IMPERIAL LAMIAN is a chain, based in Indonesia; Lawrence is the American CEO, the Chicago location the first in what they hope will be a series of them across America. The aim is to offer an authentic reproduction of what they serve in Indonesia, with a few adjustments to American tastes (maybe they serve the gruyere-filled xiao long bao in Indonesia, what do I know) but a mostly sincere representation of Chinese cooking techniques.

To that end the top staff of the restaurant has all come over from the chain’s outlets in Indonesia, and after we finish our soup, we sit down with lamian chef Wang Hong Jun, but since he doesn’t speak much English, executive sous chef Victor Chong is translating for him. I start by asking Wang, through Chong, how old he was when he learned to make hand-shaved noodles.

Wang is from Lanzhou, originally. “18 years old, when I started to do the noodles.” He says it normally takes a lamian chef a year to learn to make really good noodles, but as Chong tells it in translation, “Sifu Wang says in one week, he learned to make noodles, but not very well. But he is a fast learner. I think in six months he can take care of one noodle shop, do the whole station.”

HP

It takes about 20 to 30 minutes to make a batch of dough using a mixer as well as hand-kneading, and he usually makes three batches each morning, which he says weigh ten kilos—about 20 pounds of dough. (The one he’s kneading in the picture is probably a third of one of the batches.)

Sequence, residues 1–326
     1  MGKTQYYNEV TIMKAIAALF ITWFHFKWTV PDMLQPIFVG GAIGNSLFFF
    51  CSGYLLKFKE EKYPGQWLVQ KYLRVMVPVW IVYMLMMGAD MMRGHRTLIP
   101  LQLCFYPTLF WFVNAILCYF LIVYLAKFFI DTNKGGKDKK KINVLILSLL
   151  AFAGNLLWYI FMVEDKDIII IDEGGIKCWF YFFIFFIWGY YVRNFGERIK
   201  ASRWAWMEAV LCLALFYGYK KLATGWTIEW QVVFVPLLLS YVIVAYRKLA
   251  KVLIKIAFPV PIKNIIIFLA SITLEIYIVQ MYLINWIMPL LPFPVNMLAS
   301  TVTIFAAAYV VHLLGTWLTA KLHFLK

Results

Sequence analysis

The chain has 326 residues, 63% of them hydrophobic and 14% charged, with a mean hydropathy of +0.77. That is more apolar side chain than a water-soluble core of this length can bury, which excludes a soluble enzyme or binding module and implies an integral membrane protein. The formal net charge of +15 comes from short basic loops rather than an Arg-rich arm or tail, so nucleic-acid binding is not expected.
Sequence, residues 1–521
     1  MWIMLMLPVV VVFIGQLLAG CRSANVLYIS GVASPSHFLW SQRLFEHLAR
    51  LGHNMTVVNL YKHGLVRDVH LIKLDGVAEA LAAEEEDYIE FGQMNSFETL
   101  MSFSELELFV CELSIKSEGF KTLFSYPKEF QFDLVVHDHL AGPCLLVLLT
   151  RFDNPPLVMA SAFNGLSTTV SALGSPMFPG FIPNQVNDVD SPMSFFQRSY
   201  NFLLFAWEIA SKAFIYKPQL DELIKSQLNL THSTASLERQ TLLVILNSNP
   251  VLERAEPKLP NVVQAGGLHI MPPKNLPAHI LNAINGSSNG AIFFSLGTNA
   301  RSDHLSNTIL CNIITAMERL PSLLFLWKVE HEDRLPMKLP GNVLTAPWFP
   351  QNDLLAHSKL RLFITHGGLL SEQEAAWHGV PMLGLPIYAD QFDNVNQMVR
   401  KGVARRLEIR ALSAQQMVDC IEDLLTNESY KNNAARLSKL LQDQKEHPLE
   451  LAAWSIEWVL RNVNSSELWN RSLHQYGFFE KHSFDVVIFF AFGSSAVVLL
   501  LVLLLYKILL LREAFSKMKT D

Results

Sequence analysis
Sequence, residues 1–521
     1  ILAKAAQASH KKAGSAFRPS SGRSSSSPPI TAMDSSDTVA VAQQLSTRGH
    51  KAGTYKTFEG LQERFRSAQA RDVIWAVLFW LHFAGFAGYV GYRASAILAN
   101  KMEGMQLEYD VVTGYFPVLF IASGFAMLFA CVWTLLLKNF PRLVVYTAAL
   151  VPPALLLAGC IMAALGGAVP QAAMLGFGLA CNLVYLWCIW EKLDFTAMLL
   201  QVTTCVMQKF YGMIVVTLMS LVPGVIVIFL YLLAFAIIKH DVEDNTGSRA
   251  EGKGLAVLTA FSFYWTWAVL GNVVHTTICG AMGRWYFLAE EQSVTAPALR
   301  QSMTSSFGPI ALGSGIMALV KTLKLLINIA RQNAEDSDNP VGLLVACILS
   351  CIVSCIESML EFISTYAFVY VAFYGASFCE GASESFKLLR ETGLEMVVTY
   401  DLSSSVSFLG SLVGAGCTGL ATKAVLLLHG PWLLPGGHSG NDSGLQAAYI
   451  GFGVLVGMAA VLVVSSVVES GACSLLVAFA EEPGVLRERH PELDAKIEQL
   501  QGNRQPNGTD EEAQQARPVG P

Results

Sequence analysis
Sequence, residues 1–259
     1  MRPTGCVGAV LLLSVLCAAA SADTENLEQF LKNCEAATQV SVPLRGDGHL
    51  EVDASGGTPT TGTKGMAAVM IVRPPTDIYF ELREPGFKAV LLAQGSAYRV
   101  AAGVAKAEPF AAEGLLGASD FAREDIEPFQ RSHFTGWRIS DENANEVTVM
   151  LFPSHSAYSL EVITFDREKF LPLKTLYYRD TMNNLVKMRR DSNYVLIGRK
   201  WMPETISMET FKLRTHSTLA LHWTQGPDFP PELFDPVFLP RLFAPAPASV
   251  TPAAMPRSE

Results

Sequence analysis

I ask him what his choice for the soup is—beef or pork, or what? “Sifu Wang likes the most the pork broth,” Chong translates, “with the mixed mushrooms, vegetables, and noodles.” So which is his favorite kind of noodle? “He says, noodles are his profession, so every noodle, he likes to make it to fulfill our customers.”

So why did he happen to be making that type of noodle when Lawrence saw him? “He says, that is what he makes at home. His family is in China. So those are the noodles he likes to make for them,” Chong translates. If you try the hand-shaved noodles, then, it may be a Happy Hour promotion, but you are also getting chef Wang’s taste of home in Chicago.

 


Michael Gebert is editor of Si-Fooditor.

COVER: Vincent Lawrence